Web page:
Referring to FIG. 3. The apparatus A is shown connected to the casing B with the inner string C being run through the apparatus. In this view inner string C consists of adjacent joints of pipe 34 and 35. Shown in the view are the spaces 36 and 37 created when the seal 24 and latch 25 are in the released position. In this position adjacent joints of pipe may be continuously added or removed from the inner string C without damage to the seal 24 or latch 25. To prevent the upset 38 of the inner string C from damaging the latch 25 or seal 24 the inner diameter 40 of the lower housing 17 and the inner diameter 39 of the upper housing 16 are both smaller than the inner diameters of the latch 25 and seal 24 when in the released or retracted positions.
Referring to FIG. 4. The apparatus is shown with the inner string sub 42 attached to the uppermost joint of pipe 41 in the inner string C. Another joint of pipe 43 is connected to the upper end of the inner string sub 42. The upper joint of pipe 43 can be connected to the rig hoisting system so as to manipulate the inner string by raising or lowering it.
The inner string sub 42 has formed on its outside surface a set of profiles 48, 49 and 50 for engagement with mating profiles 51, 52 and 53 respectfully. Profile 51 of the latch 25 is preferably longer than any of the profiles on the inner string sub 42 other than the lowermost profile 48. These longer profiles 48 and 51 prevent the latch 25 from contracting until all profiles are located to their respective mates. For this reason, once the inner string sub 42 is inserted into the apparatus such that the seal diameter 46 is through the latch 25, hydraulic pressure can then be applied through port 7 of the apparatus through the inner passages and to port 13, seals 29 and 54. Pressure applied to this area will force latch piston 15 upward. This upward force on latch piston 15 will cause surface 55 of the latch piston to ride up surface 56 of the latch 36 forcing latch 36 inward into contact with the outer surface of seal area 46 on the inner string sub 42. As the inner string C is then lowered the profiles on the inner string sub 42 will be placed adjacent to the profiles of the latch 25. With pressure being applied to the area on the latch piston 15 the latch 26 will be forced into mating contact with the profiles of the inner string sub 42. This will lock the inner string C in place so that it can not move upward or downward thereby assuring the seal surface 46 is always adjacent to the seal 42.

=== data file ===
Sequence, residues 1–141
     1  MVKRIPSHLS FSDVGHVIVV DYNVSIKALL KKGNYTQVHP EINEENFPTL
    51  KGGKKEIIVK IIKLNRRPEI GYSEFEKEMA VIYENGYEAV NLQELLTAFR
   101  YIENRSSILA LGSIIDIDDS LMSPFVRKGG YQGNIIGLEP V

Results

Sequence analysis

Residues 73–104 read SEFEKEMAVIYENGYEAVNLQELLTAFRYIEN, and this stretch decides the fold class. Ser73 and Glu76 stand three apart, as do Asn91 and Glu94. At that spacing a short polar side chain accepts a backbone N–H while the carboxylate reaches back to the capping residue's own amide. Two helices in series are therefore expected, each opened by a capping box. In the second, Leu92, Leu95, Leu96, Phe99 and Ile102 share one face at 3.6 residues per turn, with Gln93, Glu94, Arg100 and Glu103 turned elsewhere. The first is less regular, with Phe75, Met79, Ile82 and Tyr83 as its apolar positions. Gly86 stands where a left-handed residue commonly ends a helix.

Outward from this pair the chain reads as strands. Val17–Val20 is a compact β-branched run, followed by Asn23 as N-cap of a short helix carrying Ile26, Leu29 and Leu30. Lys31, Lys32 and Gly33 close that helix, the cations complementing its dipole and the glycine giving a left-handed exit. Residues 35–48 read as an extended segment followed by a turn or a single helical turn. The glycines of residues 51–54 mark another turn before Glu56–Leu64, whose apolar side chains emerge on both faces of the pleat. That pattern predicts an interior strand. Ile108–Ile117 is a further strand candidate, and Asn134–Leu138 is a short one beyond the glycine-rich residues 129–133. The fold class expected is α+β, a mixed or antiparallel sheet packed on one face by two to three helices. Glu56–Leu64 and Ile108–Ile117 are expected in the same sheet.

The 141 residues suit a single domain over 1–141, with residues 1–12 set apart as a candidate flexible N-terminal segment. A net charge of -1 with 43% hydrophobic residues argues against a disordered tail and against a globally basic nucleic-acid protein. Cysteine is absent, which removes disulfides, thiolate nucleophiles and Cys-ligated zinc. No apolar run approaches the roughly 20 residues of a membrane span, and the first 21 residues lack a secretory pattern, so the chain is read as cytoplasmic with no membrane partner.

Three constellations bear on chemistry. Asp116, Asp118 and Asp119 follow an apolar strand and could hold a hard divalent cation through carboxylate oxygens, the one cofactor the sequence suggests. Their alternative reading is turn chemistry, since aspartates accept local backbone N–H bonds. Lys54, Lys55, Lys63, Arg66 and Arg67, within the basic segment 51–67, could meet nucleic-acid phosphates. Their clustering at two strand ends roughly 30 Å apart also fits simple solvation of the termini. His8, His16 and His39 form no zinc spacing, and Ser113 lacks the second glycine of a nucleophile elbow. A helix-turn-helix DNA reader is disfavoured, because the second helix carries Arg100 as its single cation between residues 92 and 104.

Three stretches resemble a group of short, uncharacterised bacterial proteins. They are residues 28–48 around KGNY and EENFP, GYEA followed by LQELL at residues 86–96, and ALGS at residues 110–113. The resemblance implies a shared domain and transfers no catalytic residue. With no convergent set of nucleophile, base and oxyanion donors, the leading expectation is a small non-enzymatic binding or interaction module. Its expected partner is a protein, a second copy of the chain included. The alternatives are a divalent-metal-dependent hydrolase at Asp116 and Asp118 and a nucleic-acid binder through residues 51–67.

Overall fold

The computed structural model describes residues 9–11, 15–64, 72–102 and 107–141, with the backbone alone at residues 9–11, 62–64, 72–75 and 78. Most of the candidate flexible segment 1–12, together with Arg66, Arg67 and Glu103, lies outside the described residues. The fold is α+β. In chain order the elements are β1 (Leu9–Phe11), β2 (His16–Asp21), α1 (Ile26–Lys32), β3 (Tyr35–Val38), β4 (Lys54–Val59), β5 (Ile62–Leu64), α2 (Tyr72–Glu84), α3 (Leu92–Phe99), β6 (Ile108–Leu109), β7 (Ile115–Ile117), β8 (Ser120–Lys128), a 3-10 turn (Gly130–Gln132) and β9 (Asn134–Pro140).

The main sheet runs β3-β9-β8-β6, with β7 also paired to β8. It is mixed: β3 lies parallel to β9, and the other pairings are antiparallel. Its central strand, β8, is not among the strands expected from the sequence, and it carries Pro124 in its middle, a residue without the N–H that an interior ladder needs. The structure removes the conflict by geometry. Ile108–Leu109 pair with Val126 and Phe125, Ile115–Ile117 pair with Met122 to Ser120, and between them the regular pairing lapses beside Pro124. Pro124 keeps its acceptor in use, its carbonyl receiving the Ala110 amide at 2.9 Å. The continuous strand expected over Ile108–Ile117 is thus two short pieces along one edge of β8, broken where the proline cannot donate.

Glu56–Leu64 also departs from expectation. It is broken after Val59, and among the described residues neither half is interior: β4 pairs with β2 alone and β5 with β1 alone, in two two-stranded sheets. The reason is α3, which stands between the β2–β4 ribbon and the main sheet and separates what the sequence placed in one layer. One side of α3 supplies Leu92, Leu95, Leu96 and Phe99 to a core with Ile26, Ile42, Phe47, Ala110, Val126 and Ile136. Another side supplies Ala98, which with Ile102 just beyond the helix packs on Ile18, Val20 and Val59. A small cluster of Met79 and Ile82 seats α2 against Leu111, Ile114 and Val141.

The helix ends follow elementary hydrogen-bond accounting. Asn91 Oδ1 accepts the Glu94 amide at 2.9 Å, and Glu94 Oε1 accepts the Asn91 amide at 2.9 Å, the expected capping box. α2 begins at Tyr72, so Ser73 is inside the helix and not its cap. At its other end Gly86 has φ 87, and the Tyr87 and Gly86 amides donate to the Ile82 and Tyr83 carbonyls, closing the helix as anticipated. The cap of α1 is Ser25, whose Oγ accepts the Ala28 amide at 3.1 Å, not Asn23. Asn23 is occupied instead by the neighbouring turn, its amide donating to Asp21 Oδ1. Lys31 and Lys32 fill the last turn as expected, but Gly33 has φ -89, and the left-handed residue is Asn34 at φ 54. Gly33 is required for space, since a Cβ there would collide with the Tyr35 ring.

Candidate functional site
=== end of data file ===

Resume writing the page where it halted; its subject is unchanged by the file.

Should pressure not be applied to the Latch piston 15 to position the profiles adjacent to each other, lowering the inner string C will eventually cause shoulder 44 on the inner string sub 42 to come into contact with the upper surface 45 of the upper housing 16 causing the inner string C to stop in a position that the profiles on the inner string sub 42 will be placed adjacent to the profile in the latch 36. This will also place the seal surface of the inner string sub 42 adjacent the seal 24.
Once in this position the latch 36 and seal 24 can be placed in locking and sealing contact with the inner string mandrel 42 by applying pressure to their respective ports.
Although a seal 24 is shown which takes an axial force to actuate other types of seals can be used such as those that have a chevron shape that will seal without actuation. Although a hydraulic means is described to actuate the latch 36 other types of actuation such as mechanically moving the latch piston 1 are envisioned.
Once the inner string sub 42 is secured by the latch 36, pressure in the annular area between the casing B and inner string C can be controlled. Circulation into or out of this annulus is possible through port 3 as described earlier.
The system is released by bleeding the pressure from the latch and seal ports causing them to retract away from the inner string sub 42.
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|Citing Patent||Filing date||Publication date||Applicant||Title|
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|U.S. Classification||166/179, 166/146, 166/142, 166/143, 166/187, 166/183, 166/188|
|International Classification||E21B33/12, E21B33/128|
|Cooperative Classification||E21B33/1285, E21B33/12|
|European Classification||E21B33/12, E21B33/128C|
|Aug 29, 2007||FPAY||Fee payment|
Year of fee payment: 4
|Oct 11, 2011||FPAY||Fee payment|
Year of fee payment: 8
|Nov 20, 2015||REMI||Maintenance fee reminder mailed|
|Apr 13, 2016||LAPS||Lapse for failure to pay maintenance fees|
|May 31, 2016||FP||Expired due to failure to pay maintenance fee|
Effective date: 20160413